Photo courtesy the office of Rep. Lori Stone Photo courtesy the office of Rep. Lori Stone

The need for school masking isn’t just a health concern, says State Rep. Lori Stone (D-Warren), but also about avoiding last year’s unpredictability.

WARREN, Mich.—As the start of the new school year nears, what schools look like when doors open Sept. 7 is still being hotly contested throughout Michigan.

The uncertainty is seen along the border between two counties north of Detroit, Macomb and Oakland. Both counties saw protests Wednesday over their approach to requiring students to mask up in class. In Macomb, parents protested the fact that students weren’t being required to wear masks. In Oakland, the protests were opposing that same safety measure.

Watching from that increasingly significant border, State Rep. Lori Stone (D-Warren) is only focused on what would make students safe. As a former teacher, she thinks masking is the right approach. 

“We need to be mindful of the health and wellbeing of our students, our staff, and our community at large,” Stone told The ‘Gander. “I’m hearing concerns from my constituents, as parents, about the safety and health of their students and the potential for their children to spread COVID when they bring it home to family members.”

Gov. Gretchen Whitmer has made it clear that no statewide decisions are likely to be made, leaving those decisions to county health officials instead. 

Doctors, Parents, and Teachers Weigh In on School Masking

Oakland County had announced an emergency order in light of the coronavirus’ Delta variant the night before Stone sat down with The ‘Gander for an interview. And Oakland is hardly alone. From Wayne to Kalamazoo, Michigan counties’ health officials have been making the call to enact emergency safety measures.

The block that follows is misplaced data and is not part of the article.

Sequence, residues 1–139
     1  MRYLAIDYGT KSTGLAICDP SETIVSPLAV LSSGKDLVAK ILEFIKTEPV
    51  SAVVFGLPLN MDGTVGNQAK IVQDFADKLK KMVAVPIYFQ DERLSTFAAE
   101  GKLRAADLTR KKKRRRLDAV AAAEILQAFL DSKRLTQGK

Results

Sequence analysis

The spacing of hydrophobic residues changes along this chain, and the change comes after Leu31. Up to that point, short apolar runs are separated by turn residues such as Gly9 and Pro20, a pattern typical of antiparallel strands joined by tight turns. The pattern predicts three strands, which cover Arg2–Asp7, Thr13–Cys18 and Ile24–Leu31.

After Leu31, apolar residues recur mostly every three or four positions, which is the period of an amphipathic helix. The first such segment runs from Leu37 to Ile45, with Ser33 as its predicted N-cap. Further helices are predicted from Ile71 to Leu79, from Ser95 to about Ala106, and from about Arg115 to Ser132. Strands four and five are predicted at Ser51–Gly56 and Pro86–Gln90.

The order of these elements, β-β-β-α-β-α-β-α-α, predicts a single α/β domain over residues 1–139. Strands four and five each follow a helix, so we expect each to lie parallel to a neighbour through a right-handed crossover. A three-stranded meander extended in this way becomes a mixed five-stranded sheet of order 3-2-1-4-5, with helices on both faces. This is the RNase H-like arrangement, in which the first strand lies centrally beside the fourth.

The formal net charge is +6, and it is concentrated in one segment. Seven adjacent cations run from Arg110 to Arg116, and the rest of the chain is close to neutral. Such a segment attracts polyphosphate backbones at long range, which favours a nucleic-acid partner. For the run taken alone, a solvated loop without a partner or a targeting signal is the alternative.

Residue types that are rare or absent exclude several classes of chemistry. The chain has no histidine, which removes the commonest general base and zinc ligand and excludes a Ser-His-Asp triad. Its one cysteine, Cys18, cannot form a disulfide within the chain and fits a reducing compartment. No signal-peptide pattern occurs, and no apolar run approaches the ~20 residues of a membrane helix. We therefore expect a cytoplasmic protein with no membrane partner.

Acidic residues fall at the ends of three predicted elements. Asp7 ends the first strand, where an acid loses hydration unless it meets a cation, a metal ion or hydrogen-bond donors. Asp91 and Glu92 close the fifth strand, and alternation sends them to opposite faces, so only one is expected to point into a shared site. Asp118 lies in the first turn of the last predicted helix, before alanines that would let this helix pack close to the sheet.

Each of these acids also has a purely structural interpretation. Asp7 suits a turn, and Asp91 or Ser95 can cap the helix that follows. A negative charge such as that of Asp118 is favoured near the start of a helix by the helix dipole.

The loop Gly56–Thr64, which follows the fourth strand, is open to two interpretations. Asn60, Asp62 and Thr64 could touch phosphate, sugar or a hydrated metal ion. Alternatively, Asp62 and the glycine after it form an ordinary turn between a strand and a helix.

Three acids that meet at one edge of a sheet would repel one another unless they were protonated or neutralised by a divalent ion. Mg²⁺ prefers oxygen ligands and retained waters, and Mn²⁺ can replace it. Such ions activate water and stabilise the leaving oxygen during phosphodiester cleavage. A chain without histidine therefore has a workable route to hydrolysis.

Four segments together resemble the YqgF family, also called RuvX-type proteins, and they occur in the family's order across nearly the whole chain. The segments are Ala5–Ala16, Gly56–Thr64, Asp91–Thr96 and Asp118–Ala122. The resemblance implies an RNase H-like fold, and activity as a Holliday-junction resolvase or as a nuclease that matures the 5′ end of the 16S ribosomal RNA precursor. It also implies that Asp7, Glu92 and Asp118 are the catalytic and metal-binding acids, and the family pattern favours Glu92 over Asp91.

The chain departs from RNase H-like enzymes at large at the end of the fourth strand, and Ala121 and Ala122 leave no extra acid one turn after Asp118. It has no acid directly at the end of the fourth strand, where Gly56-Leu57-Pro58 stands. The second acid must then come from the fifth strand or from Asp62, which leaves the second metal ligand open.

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“Our top priority is keeping students in school for in-person learning,” Oakland County Executive Dave Coulter said in a statement. “Masking is one of the best defenses against increased transmission of COVID and higher hospitalization rates among kids. This order allows teachers to get back to educating our students and focusing on their success.”

And many parents, including those calling for the anti-COVID peotections in Macomb schools, agree with that view. 

“We do know that masks keep people safe,” Angela Gross, a Kalamazoo mother of two, told Michigan Radio. “We do know that it protects both the wearer and the people around the person wearing the mask. We know that a huge group of kids cannot get vaccinated because of their age. And we also know that people that are eligible for the vaccine—many of them have chosen not to get vaccinated.”

Or, as South Lyon family physician Dr. Srikar Reddy told The ‘Gander, everyone in a given community needs to be on the same page.

“When you’re deciding on one play, everybody participates in that one play,” Reddy said. “It’s not like the running back runs its own play.”

READ MORE: This Michigan Dad Saw His 13-Year-Old Son Battle COVID-19. He Vaccinated Him to Protect Other Kids, Too.